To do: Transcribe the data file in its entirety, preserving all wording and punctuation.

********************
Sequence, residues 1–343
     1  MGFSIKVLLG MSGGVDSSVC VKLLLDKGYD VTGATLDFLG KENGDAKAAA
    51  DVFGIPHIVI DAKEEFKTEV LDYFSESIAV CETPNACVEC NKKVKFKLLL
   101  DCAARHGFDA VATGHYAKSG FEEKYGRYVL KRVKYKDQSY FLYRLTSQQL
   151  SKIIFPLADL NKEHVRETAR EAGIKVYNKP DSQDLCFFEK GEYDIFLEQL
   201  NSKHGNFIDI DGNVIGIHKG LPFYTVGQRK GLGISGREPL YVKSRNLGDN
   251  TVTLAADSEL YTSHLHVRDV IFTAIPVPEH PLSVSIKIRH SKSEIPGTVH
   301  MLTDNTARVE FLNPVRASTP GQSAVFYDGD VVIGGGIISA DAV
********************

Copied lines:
Sequence, residues 1–343
     1  MGFSIKVLLG MSGGVDSSVC VKLLLDKGYD VTGATLDFLG KENGDAKAAA
    51  DVFGIPHIVI DAKEEFKTEV LDYFSESIAV CETPNACVEC NKKVKFKLLL
   101  DCAARHGFDA VATGHYAKSG FEEKYGRYVL KRVKYKDQSY FLYRLTSQQL
   151  SKIIFPLADL NKEHVRETAR EAGIKVYNKP DSQDLCFFEK GEYDIFLEQL
   201  NSKHGNFIDI DGNVIGIHKG LPFYTVGQRK GLGISGREPL YVKSRNLGDN
   251  TVTLAADSEL YTSHLHVRDV IFTAIPVPEH PLSVSIKIRH SKSEIPGTVH
   301  MLTDNTARVE FLNPVRASTP GQSAVFYDGD VVIGGGIISA DAV